Directions:

  1. If starting with 5 lbs of raw chicken, place 1/2 of the carrots, onions, and celery into a large stock pot with the cooking oil.
  2. Cook on medium until veggies are soft, and onions are clear.
  3. Add 1/2 of the garlic and shallots, and cook until fragrant.
  4. Add raw chicken, and cook for about 10 minutes, until chicken browns.
  5. Turn stove down to low, add 12 coups of water, bay leaf, salt & pepper, and cover. Cook stock on low for about 4-6 hours- you can cook it for up to 12 hours in your crockpot if you wish instead).  Pull out a few pieces of chicken, pull off the cooked meat and set aside (you want about 2 cups of chopped cooked meat). Put bones back into the pot. Cook for another 20-30 minutes.
  6. Take the stock off the heat, and once cool, strain off the solids, and discard. The remaining liquid is your chicken stock. While you start with 12 cups of water, after cooking the stock down, you may end up with 6-8 cups of rich, velvety stock.
  7. Place chicken stock on the stove in a large pot, add in chopped chicken, remaining veggies, and any herbs/spices.
  8. Once veggies have started to soften/cook, add noodles/macaroni/rice if desired. Salt and pepper to taste.
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Mire Poix- Aka carrots, celery, and onions with a bayleaf, garlic and shallots. The perfect start to any soup!

As soon as noodles/macaroni/rice is cooked, remove soup from heat. Serve with hot bread (and butter).

*If you are starting with a rotisserie chicken, pull off 2 cups of meat, and add the carcass after the veggies are cooked and fragrant. proceed with remainder of recipe.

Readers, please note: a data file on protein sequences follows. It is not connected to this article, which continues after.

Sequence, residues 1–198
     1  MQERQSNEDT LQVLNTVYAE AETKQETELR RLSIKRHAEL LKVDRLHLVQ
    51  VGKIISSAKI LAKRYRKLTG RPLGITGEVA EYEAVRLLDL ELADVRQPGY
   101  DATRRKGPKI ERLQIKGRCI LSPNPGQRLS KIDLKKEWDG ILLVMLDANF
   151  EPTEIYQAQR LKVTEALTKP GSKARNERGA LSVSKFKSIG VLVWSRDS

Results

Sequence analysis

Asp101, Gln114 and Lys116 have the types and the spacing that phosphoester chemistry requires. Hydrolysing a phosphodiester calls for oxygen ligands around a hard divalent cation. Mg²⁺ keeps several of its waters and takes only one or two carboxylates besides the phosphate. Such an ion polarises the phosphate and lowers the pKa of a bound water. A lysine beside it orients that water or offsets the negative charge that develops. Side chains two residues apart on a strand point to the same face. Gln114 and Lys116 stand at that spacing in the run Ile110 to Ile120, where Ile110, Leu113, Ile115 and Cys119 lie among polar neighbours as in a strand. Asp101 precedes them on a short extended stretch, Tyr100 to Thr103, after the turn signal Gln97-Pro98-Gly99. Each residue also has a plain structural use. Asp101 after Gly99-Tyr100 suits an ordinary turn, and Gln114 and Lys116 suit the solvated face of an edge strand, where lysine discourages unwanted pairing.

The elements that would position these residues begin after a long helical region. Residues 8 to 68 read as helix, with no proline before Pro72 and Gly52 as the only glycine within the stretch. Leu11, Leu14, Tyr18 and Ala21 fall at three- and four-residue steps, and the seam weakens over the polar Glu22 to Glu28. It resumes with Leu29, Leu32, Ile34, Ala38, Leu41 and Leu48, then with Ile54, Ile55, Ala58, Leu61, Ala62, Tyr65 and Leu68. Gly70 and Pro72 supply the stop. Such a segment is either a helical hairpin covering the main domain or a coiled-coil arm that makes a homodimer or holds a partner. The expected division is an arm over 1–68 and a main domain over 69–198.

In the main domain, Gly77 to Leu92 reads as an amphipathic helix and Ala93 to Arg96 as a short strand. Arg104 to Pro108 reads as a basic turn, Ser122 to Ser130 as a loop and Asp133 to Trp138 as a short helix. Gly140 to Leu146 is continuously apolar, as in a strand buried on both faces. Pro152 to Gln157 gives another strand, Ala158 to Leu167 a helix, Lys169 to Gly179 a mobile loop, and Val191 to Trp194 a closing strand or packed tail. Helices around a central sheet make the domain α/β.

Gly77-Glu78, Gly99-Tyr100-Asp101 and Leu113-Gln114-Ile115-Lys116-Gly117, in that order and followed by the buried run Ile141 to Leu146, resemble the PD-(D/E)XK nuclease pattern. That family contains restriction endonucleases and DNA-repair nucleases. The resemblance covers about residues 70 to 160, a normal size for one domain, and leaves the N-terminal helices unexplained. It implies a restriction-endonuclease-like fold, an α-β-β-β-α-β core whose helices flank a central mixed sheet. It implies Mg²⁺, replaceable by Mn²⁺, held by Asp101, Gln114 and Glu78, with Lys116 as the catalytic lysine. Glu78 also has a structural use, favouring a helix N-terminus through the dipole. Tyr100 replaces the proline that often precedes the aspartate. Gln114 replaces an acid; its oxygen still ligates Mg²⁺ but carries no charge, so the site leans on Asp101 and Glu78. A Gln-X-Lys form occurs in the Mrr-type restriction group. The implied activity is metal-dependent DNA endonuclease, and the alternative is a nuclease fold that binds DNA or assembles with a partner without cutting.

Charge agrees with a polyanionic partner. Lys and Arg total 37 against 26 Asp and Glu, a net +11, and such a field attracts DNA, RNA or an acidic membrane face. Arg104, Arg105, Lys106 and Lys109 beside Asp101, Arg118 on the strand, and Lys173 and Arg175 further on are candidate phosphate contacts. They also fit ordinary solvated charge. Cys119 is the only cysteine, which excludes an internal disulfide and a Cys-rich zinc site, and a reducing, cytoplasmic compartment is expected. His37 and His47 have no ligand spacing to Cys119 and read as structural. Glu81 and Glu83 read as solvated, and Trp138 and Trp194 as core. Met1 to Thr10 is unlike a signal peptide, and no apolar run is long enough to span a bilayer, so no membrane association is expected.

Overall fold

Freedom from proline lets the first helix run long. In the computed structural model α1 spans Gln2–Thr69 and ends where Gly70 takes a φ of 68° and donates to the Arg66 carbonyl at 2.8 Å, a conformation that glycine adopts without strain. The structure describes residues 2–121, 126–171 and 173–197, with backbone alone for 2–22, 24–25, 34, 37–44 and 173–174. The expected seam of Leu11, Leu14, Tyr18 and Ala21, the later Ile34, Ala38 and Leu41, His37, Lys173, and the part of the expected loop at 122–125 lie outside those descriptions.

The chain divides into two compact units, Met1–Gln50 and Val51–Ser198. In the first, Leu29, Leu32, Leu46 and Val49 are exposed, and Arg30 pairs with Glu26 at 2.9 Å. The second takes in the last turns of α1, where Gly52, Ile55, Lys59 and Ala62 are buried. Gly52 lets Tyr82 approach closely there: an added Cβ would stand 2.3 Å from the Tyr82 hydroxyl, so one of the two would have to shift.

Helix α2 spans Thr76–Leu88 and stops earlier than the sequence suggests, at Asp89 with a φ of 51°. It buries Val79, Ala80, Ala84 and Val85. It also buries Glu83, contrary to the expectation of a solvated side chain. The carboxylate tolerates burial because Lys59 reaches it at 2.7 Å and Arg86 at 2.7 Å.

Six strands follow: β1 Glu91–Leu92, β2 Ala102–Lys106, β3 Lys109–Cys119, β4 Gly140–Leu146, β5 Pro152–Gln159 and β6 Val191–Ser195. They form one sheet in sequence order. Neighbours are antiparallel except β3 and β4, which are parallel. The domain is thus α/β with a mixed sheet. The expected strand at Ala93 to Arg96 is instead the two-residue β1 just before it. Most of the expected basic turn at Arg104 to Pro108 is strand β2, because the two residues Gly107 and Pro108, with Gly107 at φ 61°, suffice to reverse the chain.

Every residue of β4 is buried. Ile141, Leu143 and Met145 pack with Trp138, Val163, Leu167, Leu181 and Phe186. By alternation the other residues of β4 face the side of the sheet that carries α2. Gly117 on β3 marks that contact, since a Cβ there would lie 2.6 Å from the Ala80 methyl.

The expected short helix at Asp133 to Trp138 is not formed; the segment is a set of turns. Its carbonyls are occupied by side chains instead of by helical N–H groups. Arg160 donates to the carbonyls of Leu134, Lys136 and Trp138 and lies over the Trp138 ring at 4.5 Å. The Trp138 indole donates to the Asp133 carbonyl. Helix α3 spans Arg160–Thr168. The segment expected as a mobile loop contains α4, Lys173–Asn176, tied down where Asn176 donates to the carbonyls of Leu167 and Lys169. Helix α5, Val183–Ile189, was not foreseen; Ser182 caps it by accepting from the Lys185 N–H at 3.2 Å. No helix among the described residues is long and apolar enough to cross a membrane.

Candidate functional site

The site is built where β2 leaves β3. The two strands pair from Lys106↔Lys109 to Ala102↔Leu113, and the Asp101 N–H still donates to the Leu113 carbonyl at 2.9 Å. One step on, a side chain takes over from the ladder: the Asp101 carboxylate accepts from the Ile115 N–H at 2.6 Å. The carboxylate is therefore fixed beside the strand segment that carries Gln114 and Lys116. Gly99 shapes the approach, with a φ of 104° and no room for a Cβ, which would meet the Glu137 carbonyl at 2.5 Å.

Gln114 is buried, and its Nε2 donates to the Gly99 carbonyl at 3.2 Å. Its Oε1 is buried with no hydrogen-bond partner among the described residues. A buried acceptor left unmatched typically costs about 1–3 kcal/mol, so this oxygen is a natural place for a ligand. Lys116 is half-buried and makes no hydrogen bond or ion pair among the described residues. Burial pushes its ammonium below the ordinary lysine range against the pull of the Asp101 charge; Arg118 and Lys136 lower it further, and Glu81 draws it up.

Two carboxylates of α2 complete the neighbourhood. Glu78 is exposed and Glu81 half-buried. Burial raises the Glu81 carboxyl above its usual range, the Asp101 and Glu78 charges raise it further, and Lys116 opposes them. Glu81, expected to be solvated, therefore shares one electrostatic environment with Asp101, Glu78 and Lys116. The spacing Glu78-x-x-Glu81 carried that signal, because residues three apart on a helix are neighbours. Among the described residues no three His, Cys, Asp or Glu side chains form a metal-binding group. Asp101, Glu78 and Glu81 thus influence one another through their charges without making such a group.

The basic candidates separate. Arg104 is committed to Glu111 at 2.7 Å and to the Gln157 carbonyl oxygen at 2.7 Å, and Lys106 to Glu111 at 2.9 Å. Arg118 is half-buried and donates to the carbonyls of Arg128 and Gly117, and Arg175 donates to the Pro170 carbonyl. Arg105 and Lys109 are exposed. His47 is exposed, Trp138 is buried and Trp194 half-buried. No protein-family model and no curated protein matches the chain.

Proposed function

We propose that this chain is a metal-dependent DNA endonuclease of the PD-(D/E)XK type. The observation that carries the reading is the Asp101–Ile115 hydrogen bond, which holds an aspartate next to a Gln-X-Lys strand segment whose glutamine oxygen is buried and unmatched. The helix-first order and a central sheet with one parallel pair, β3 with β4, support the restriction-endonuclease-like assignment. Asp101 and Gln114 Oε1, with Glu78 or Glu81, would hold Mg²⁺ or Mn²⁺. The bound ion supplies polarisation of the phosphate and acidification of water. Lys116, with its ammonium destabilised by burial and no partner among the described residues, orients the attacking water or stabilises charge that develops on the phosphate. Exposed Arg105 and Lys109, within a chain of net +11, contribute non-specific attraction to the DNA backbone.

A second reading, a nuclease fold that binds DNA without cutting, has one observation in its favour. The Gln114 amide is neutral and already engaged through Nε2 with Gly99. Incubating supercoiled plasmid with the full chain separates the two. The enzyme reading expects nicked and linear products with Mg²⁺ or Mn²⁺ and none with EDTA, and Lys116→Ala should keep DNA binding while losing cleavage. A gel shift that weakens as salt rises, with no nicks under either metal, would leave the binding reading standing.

Recipe: Pasta Free Lasagna

img_3880WHAT? Pasta free lasagna? Are you nuts? I know that’s what you are all thinking, but bear with me.

I know so many people are sticking to their New Years Resolutions of eating healthy, but they are longing for the warm, cheesy, rich gooey-ness of their favorite comfort foods. Mr. just finished a 10 day cleanse, and we are slowing adding things back into his diet. He missed cheese, so I set to find a recipe that contains cheese that I could make a little more healthy by omitting some of the other things that he isn’t quite ready to add back in (meat and lots of heavy carbs). I did make spaghetti to go on the side, but you can skip that if you want.

We had a bag of yellow squash in the fridge, so I decided to make lasagna using the squash in the place of the lasagna noodles.

With this recipe, you can add as many veggies as you want. I opted for mire poix (I had bags of it prepped in the freezer), garlic, shallots, tomatoes, and little pieces of the squash that I chopped into bite size pieces. These were the neck or end that I couldn’t cut into planks. I recommend that you use what you’ve got on hand that you really like. You can add ricotta between the layers, but I skipped it because we didn’t have any, and Mr. isn’t ready to add eggs back in yet (if you’ve never made lasagna before, the ricotta filling is a mixture of egg, Parmesan cheese, and ricotta).

img_3875This recipe makes a big 9×13 inch baking dish- There will be leftovers!

Pasta Free Lasagna

Ingredients:

  • 4 yellow or green crooked neck squash (zucchini), cut into planks, Reserve remaining pieces for sauce
  • 1 jar sugar free pasta sauce (or use your favorite)
  • 2 medium onions or 1 large onion, chopped
  • 1 cup carrots, chopped
  • 1 cup celery, chopped
  • 2 cloves of garlic, minced
  • 1 medium shallot, minced
  • 1 can (approx. 14.5 oz) diced tomatoes
  • 1 can tomato paste
  • 1 bay leaf
  • 2 T. Italian seasonning
  • 2 T. Olive oil
  • 1/4 cup red wine
  • 1/2 cup parmesaen cheese
  • 2 cups Italian blend cheese
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Dinner is served (salad not shown)

Directions:

  1. Preheat oven to 350 degrees
  2. In a large stock pot, saute onions, celery, and carrots in olive oil until onions are soft and translucent.
  3. Add garlic and shallots, reduce heat. Cook until garlic and shallots are soft and fragrant, about 10 minutes. Stir frequently to avoid burning. Burnt garlic is gross.